It’s midsummer, and those who don’t like hot weather may feel a bit stagnant. Sarah Sundin discusses stagnancy in a writer’s life – and her new release!
Writers can become stagnant. We’ve all found authors we adored, and we quickly devour several books. But soon we find each book is essentially the same. Same spunky heroine (with a different hair color). Same stoic hero (with a different profession). Same story set-up or plot twist or setting. And we fall away.
Stagnant water becomes sour. Without stirring up, without infusions of fresh water, a life can also become stagnant. So can a writer.
When my first book was published, I vowed to keep stirring things up. For my new Waves of Freedom series, I challenged myself by including a mystery plotline for each heroine.
Dangers of Challenging Yourself
Risk of Failure
Never having written a mystery, I took a risk that I’d be lousy at writing mysteries. What if my clues were too obvious—or too obscure? Readers would hate it.
Risk of Alienation
Even if I wrote a riveting mystery, I risked alienating my current readers. What if they don’t choose to follow me? What if new readers don’t choose to join me?
Hurt and Frustration
Stretching hurts. Challenges are frustrating. Many times while writing Through Waters Deep I wanted to bang my head on the keyboard. It’s so hard. Why did I do this to myself?
How to Overcome
Those questions raised above come from fear. Joshua 1:9 says, “Be strong and courageous. Do not be afraid; do not be discouraged, for the Lord your God will be with you wherever you go.” Cast out fear and lean on the Lord.
My accomplished writing buddy, Marcy Weydemuller, loaned me her favorite books on writing mysteries. I read them and took careful notes. I learned how to plant clues and red herrings, to craft suspects who looked simultaneously guilty and innocent, and to create a plot chart to track the details. Then I asked Marcy to read the rough draft.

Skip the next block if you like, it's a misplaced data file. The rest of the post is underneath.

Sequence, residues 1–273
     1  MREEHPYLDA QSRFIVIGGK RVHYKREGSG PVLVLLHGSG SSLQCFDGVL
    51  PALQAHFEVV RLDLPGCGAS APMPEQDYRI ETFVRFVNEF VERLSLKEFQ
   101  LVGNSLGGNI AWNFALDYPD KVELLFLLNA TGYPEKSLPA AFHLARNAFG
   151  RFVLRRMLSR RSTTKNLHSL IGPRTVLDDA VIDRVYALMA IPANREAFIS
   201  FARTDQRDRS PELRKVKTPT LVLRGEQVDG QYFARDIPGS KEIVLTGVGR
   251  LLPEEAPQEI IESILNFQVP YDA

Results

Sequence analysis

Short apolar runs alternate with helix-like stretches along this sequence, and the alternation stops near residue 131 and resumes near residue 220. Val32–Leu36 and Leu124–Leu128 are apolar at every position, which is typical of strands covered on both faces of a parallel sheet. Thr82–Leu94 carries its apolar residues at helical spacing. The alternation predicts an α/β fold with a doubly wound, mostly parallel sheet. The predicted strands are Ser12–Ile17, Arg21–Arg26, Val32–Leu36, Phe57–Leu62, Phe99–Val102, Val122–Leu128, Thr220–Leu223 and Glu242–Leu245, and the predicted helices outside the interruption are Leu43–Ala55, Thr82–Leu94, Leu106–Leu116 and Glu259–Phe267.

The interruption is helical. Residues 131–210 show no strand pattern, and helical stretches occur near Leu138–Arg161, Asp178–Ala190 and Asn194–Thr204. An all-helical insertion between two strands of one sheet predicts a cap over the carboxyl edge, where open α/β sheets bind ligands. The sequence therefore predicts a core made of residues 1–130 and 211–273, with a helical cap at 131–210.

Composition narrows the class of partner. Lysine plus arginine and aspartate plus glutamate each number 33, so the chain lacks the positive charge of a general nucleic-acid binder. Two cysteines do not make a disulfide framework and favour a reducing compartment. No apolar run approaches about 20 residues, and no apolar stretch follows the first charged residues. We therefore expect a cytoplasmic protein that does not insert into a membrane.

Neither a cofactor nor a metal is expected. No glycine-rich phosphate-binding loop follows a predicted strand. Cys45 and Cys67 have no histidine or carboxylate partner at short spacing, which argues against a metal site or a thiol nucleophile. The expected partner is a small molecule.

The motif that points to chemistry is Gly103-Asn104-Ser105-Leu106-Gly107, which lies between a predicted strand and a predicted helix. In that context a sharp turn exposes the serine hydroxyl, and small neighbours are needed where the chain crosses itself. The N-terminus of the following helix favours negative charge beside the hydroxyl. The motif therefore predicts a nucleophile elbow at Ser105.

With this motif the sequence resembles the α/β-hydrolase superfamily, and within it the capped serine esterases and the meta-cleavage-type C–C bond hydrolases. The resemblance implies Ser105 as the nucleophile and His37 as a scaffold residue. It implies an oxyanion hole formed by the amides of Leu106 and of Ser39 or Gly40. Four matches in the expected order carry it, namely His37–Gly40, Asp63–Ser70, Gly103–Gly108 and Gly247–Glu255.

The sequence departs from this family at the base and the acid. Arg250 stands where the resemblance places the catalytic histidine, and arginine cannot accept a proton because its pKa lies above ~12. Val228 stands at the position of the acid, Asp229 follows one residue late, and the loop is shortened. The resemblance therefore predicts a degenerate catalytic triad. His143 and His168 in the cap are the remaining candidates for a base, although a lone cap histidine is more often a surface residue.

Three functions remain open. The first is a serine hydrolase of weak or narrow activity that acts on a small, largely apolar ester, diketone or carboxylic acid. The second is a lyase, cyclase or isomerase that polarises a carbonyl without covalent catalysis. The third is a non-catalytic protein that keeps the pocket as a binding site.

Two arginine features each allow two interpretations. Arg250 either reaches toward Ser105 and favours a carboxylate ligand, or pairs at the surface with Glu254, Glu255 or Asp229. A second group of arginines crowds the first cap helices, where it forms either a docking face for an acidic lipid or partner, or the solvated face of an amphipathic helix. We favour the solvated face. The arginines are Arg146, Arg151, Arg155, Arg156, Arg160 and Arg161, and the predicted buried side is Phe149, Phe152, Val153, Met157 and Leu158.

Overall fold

Rewards of Stretching Yourself
Delight of Fresh Water
Once you get past the gate of fear and over the hump of frustration, fresh water beckons! How fun to try something new. How invigorating. As the pieces of my mystery fell into place, I relished the challenge.
Thrill of Accomplishment
Only when we accept the risks of a challenge and push through can we experience the thrill of accomplishment. When Marcy said she didn’t figure out who the villain was until the end—but that it all made sense—I danced around the house. My teenagers already think I’m strange, so why not?
No matter what happens with this book, at least I can say I stretched myself. I’m swimming in fresh water, and I wouldn’t have it any other way.
Sarah Sundin is the author of seven historical novels, including Through Waters Deep (Revell, August 2015). Her novel On Distant Shores was a double finalist for the 2014 Golden Scroll Awards. Sarah enjoys speaking to writers’ groups, works on-call as a hospital pharmacist, and teaches Sunday school. http://www.sarahsundin.com